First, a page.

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Eighty cores is twice the amount you can currently purchase from Intel for up to $8,099, though it’s only a third more than what AMD could sell you for $7,890. But Intel’s flashiest Xeons and AMD’s shiniest Epycs are more similar than you'd imagine; they share the same clock speeds, the same memory options, and the same TDPs. AMD has an upper hand in PCIe connectivity, but Intel’s got better on-chip connectivity, etc.
Sapphire Rapids, Intel’s fourth-generation Xeons, share more emerging technologies with GPUs than with other CPUs. Nvidia’s five-figure A100, for example, is the only GPU to offer up to 80 GB of HBM2e memory. Sapphire Rapids has 64 GB of HBM2e onboard (and eight lanes of DDR5 memory, too). The A100 was the first GPU to support BF16 computation. Sapphire Rapids will support BF16, too.
Sapphire Rapids also has PCIe 5.0, a new core architecture called Willow Cove, the 10nm Enhanced SuperFin node, and the new LGA4677-X socket on its resume.
All this is public information that Intel has divulged, mostly intentionally. Intel had begun sampling Sapphire Rapids to partners by the end of last year, Intel’s now-former CEO Bob Swan said to investors in January. Multiple sources have said that the sample models had 28 cores enabled.
The story takes a violent turn
At the end of January, a regular leaker on the Chinese site Bilibili gained ownership over one of the disseminated samples. He took some photos, then delidded the processor in the most awful way possible. Twenty seconds into this clip, he puts the processor in a regular bench vice and just starts cranking. Before the minute mark, he’s heating it over a gas stovetop flame, and then – brace yourself – he accidentally drops the processor into the flame. (If you’re curious, an oven is usually considered best practice, partly to avoid this issue.)
Afterward, the heat spreader comes off quite easily. An autopsy reveals that the heat spreader was soldered to the die using indium, like Rocket Lake.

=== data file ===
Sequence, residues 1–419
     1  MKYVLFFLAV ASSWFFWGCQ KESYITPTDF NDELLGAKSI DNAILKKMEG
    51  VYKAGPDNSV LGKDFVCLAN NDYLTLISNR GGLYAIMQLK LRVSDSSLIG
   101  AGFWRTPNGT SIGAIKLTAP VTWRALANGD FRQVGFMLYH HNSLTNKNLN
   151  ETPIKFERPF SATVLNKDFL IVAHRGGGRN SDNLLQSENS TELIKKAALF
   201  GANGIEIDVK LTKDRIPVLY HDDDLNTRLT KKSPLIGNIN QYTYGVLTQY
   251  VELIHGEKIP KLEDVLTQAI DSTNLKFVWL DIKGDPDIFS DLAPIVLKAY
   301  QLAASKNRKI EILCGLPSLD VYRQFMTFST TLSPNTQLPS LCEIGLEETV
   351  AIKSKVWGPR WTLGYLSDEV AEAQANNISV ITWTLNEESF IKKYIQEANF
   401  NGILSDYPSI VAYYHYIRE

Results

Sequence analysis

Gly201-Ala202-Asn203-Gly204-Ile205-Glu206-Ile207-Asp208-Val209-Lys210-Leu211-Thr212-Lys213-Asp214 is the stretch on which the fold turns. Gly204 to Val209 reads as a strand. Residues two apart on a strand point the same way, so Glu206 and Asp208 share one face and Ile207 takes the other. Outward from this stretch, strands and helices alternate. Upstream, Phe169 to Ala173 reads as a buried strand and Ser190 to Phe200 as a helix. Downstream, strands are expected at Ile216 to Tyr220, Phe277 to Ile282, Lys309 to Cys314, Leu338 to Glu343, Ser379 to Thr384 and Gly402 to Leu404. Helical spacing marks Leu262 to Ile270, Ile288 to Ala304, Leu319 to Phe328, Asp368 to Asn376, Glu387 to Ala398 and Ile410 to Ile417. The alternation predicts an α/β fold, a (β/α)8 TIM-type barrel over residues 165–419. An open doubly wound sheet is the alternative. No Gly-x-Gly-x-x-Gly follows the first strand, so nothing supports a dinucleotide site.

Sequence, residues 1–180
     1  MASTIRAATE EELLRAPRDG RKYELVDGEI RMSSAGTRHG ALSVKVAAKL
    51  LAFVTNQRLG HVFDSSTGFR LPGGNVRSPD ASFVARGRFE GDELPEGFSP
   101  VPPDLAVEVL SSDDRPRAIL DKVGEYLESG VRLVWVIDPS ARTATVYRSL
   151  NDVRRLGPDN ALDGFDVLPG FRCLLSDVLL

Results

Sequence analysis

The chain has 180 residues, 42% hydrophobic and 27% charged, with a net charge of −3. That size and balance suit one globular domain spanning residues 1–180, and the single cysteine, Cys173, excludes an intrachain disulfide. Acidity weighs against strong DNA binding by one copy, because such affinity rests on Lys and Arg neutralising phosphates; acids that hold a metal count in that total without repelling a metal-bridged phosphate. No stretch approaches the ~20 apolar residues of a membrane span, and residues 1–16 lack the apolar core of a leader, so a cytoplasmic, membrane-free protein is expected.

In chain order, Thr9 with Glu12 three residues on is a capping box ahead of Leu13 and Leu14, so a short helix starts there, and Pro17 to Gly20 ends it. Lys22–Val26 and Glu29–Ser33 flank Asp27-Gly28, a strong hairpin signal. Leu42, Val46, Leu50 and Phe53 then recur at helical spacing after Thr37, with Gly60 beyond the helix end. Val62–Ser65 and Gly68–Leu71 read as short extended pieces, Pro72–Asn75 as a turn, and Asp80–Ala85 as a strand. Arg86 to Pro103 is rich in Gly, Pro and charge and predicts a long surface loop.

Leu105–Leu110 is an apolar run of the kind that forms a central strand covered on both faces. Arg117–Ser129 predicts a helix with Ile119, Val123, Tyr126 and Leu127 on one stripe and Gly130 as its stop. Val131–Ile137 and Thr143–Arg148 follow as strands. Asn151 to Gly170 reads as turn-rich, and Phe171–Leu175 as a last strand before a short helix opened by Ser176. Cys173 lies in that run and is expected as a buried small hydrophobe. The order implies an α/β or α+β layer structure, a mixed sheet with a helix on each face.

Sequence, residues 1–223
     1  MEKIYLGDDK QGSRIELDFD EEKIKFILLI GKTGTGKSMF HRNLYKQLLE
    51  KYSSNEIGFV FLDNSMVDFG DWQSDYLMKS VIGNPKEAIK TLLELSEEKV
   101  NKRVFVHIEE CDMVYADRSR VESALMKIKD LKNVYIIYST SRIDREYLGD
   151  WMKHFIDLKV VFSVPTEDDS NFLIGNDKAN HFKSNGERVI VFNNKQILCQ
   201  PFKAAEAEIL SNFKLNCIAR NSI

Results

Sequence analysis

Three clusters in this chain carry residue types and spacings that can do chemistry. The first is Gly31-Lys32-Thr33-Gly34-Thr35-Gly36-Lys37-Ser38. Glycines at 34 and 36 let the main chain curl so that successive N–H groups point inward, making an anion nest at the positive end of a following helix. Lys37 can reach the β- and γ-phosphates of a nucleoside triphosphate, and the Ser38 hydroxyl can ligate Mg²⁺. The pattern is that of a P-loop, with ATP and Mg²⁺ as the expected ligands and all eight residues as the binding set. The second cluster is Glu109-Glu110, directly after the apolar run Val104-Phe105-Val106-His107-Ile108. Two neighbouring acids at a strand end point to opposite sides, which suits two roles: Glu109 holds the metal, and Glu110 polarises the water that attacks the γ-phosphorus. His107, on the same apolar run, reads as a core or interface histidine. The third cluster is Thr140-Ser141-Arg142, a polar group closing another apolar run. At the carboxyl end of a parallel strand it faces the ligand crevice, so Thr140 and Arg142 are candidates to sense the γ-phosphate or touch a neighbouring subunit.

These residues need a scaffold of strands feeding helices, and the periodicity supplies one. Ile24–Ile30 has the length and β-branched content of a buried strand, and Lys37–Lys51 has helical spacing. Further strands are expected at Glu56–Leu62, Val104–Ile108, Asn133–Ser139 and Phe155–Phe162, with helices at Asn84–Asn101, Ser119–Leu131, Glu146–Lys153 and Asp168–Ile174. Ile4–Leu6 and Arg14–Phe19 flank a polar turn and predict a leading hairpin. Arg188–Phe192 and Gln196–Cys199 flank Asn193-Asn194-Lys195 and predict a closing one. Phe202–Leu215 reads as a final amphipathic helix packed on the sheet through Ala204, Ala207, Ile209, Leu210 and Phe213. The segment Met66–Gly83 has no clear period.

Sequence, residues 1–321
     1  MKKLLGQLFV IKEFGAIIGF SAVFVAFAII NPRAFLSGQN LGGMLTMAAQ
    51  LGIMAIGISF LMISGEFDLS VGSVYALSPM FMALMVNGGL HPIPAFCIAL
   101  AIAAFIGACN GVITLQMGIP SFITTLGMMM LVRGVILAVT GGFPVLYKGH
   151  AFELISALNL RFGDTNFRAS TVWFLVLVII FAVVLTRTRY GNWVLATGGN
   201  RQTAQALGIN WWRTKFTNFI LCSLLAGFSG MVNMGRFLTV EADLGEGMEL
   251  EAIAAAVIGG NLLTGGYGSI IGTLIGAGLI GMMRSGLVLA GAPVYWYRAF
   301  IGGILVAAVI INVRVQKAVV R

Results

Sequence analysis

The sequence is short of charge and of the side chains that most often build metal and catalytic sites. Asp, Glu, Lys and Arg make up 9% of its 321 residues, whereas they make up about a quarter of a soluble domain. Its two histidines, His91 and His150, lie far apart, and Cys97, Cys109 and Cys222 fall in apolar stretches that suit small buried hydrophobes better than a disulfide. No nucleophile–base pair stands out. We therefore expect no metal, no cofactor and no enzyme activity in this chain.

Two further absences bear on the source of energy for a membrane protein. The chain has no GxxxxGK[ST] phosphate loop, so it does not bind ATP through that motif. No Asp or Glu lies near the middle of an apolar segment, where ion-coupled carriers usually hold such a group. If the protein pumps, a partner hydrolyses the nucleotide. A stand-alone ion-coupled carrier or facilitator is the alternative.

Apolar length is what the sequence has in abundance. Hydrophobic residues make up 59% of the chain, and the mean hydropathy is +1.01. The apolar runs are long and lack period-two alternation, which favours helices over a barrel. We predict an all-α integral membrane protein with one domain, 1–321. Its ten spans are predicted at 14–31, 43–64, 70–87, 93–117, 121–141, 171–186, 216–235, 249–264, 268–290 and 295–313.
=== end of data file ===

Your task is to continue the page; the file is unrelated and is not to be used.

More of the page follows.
Under the heat spreader was a quad-chiplet formation. It’s theorized, but not with much certainty, that Intel is using EMIB (embedded multi-die interconnect bridge) or Foveros to connect the chiplets and the HBM2e memory to gain an inter-chip bandwidth advantage over AMD’s Infinity Fabric.
Leaker commits an atrocity
Last week, the leaker pulled all four of the chiplets off the substrate, then dissected them. It appears as if he successfully removed the HBM2e chips from three of the chiplets. The fourth… it’s best not to look.
Removing the HBM2e chips revealed the cores underneath. From the looks of it, each chiplet contains twenty cores arranged in a five by four grid. There also seem to be several controllers and possibly interconnect arrays around the perimeter of each chiplet.
The twenty cores took the leaker by surprise. It had been leaked, repeatedly, that Sapphire Rapids would top out at 56 cores. If that were the case, then Intel would be disabling six of the twenty cores on each chiplet, a proportion unprecedented in a flagship model. It’s possible that the 56-core leaks were simply wrong, and it’s also possible that not all of the arrangements that look like cores are in fact cores. The most depressing possibility is that Intel’s new node has an absurdly high failure rate.